Finally, the generic packaging blurb. I’ll be brief: I love the 2012 Marvel Legends packaging. It’s bright, vibrant, and character-specific. The huge artwork on the front and back of the card depicting the character you’re buying is engaging and a real treat to look at, and it’s a shame you have to utterly destroy the packaging to get at the figure inside. The only thing I’d like to see improved is slightly more text about the characters on the cardbacks, but in general this is some of the prettiest packaging on the market today and it absolutely blows the Marvel Universe 4″ line’s packaging away.
Unfortunately, despite all of Ghost Rider’s built-in articulation, a huge portion of it is meaningless. Ghost Rider’s costume pieces have been added on top of the actual mold, and these pieces have a greatly harmful effect upon Ghost Rider’s flexibility. Ghost Rider may have ball-jointed shoulders, but when you can only partially raise his arms or put them down because of his plastic coat, the articulation might as well not even be there. Ghost Rider’s whole upper-body is significantly restricted by his coat, but his lower body is partially hindered as well. The result is that he has a very limited ability to be put into any kind of pose that isn’t just standing there, doing nothing. He doesn’t even have a close fist to punch people out with! Terrax showed how to successfully add costume pieces on top of a figure without ruining its poseability—Ghost Rider shows exactly how not to do the same.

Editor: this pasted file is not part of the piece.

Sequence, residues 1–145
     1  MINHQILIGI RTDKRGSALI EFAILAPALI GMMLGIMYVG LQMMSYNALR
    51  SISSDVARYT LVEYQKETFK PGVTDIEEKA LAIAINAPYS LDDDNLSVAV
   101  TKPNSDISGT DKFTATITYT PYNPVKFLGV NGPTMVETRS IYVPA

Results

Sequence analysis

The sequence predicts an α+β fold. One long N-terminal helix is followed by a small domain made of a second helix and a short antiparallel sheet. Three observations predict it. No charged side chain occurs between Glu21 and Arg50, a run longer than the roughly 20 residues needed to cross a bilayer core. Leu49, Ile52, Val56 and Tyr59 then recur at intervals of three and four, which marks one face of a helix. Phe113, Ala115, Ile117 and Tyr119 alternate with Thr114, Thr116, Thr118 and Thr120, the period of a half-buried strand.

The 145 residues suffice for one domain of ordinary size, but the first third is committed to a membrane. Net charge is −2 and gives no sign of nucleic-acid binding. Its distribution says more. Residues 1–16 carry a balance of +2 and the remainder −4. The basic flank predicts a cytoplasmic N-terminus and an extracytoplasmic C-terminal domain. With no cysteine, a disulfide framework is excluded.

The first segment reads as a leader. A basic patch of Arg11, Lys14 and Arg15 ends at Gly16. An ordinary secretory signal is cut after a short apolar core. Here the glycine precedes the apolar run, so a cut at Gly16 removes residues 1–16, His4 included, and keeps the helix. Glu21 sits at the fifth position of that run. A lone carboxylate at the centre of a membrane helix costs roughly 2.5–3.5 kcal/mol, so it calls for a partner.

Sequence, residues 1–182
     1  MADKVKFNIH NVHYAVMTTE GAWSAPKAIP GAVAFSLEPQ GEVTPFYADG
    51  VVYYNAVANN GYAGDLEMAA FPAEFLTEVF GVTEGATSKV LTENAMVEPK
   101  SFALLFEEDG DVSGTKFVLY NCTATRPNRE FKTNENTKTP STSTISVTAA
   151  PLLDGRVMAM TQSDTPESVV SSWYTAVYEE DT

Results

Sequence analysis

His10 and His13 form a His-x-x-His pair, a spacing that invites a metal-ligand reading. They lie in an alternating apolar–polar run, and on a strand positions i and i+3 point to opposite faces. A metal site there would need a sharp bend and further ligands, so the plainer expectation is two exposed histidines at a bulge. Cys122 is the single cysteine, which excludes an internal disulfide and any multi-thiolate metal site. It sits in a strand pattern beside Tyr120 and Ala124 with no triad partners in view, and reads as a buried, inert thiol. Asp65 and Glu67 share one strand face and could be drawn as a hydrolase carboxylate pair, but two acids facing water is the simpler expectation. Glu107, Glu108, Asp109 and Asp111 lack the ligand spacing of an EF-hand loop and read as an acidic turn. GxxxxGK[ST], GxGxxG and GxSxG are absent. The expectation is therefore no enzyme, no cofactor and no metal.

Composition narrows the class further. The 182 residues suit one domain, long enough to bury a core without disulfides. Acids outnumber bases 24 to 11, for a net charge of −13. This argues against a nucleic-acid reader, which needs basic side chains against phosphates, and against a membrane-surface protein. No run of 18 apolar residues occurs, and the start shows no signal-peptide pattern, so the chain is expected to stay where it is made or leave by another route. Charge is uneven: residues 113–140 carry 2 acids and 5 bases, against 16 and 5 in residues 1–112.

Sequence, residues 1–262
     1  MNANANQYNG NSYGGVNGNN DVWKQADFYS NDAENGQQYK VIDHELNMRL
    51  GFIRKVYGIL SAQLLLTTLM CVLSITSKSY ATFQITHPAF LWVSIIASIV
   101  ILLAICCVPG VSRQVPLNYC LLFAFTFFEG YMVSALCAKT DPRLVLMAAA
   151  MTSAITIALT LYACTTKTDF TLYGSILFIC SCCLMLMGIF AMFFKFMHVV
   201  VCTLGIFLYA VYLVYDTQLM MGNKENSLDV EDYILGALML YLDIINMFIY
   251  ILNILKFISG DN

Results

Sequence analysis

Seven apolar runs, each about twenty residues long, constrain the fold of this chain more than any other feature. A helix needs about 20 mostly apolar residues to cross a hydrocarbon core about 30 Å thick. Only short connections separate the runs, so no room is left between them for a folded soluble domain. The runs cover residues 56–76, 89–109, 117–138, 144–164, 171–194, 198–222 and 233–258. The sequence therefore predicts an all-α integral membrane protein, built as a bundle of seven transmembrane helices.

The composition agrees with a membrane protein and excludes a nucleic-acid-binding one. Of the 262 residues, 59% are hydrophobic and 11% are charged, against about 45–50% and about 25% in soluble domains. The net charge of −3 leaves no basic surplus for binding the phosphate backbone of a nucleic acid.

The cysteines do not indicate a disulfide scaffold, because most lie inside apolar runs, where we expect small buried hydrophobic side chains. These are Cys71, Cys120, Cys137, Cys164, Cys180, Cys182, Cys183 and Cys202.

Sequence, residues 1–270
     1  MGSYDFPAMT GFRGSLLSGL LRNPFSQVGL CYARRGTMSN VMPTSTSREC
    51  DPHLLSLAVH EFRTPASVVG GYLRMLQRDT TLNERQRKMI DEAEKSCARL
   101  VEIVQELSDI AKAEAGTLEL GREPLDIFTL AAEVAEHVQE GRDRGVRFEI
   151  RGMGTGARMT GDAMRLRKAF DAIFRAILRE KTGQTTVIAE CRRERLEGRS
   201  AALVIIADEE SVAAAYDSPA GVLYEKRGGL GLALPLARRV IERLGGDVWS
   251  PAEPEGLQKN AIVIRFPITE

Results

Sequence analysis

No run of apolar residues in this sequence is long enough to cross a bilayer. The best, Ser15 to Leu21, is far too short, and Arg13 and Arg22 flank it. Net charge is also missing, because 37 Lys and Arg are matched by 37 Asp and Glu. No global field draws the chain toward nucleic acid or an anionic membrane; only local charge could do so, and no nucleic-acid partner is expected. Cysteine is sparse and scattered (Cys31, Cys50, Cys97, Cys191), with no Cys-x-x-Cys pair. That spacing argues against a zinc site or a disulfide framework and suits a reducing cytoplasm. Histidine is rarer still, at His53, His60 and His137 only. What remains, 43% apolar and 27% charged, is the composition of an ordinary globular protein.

As far as weapons and accessories for Ghost Rider go… there are none. The days when we’d get a motorcycle (of sorts) with a Ghost Rider figure are long gone. But I don’t think that there was nothing Hasbro could have given this guy. How about a chain—or better off a flaming chain? Some kind of sword, fireball… whatever. Anything. With his limited ability to be posed, this figure could have been saved if he at least had the ability to stand around holding something instead of just standing around. As it is, Ghost Rider can just stand there and stare menacingly at sinners.
Ghost Rider is part of Hasbro’s 2012 Marvel Legends Series 1. He’s packed at one-per-case, and seems to be fairly popular so far. As of writing, these figures have only been sighted at retail at Toys R Us, where they retail for $17.99 + tax.
Ebay is always a great option for looking for deals on new-release action figures, as ebay tends to have listings for figures literally the day they turn up in any store. Click here to check out the current ebay listings for Marvel Legends Ghost Rider!
Amazon has Ghost Rider in-stock right now from various sellers, but prices and availability change rapidly on Amazon so you’ll need to click through for the current specifics.
BigBadToyStore stocks virtually every Marvel product Hasbro releases each year, and have cases of 8 containing all of Marvel Legends Series 1 for $124.99 as well as Ghost Rider available for $19.99 individually.
Overall: Ghost Rider was the figure that I thought looked like he had the most impressive sculpt and detailing from the prototype pictures, and I still agree with that. The head sculpt, the biker jacket, the translucent flames… he’s just a gorgeous sculpture. The problem is that that’s all he is. For an action figure, he’s just no fun. With no chain or weapon whatsoever, no motorcycle likely to come ever, and highly-limited flexibility due to the restrictions of the sculpted clothing, Ghost Rider makes for one dull as Hell figure to pose or play with. I don’t really regret buying him because I like having him on my shelf and he looks positively wicked, but at the same time I already know he’s the figure I’m going to pick up and pose and move around the least of the entire set, because there’s just nothing to do with him. Ghost Rider is an excellent statue, but well-below the other Marvel Legends so far as the fun factor is concerned.